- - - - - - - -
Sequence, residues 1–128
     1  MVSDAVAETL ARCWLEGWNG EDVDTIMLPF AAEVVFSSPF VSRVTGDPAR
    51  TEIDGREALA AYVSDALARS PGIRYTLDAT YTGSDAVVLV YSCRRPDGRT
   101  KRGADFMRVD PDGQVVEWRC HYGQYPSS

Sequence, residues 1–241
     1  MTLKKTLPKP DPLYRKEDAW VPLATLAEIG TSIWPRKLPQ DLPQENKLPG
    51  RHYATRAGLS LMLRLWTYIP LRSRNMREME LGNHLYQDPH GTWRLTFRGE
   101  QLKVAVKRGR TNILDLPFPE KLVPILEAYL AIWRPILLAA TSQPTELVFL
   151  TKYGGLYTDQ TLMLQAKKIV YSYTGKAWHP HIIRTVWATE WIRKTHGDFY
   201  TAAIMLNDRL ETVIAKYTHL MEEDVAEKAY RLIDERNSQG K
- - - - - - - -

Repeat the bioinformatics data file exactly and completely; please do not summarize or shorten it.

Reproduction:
Sequence, residues 1–128
     1  MVSDAVAETL ARCWLEGWNG EDVDTIMLPF AAEVVFSSPF VSRVTGDPAR
    51  TEIDGREALA AYVSDALARS PGIRYTLDAT YTGSDAVVLV YSCRRPDGRT
   101  KRGADFMRVD PDGQVVEWRC HYGQYPSS

Sequence, residues 1–241
     1  MTLKKTLPKP DPLYRKEDAW VPLATLAEIG TSIWPRKLPQ DLPQENKLPG
    51  RHYATRAGLS LMLRLWTYIP LRSRNMREME LGNHLYQDPH GTWRLTFRGE
   101  QLKVAVKRGR TNILDLPFPE KLVPILEAYL AIWRPILLAA TSQPTELVFL
   151  TKYGGLYTDQ TLMLQAKKIV YSYTGKAWHP HIIRTVWATE WIRKTHGDFY
   201  TAAIMLNDRL ETVIAKYTHL MEEDVAEKAY RLIDERNSQG K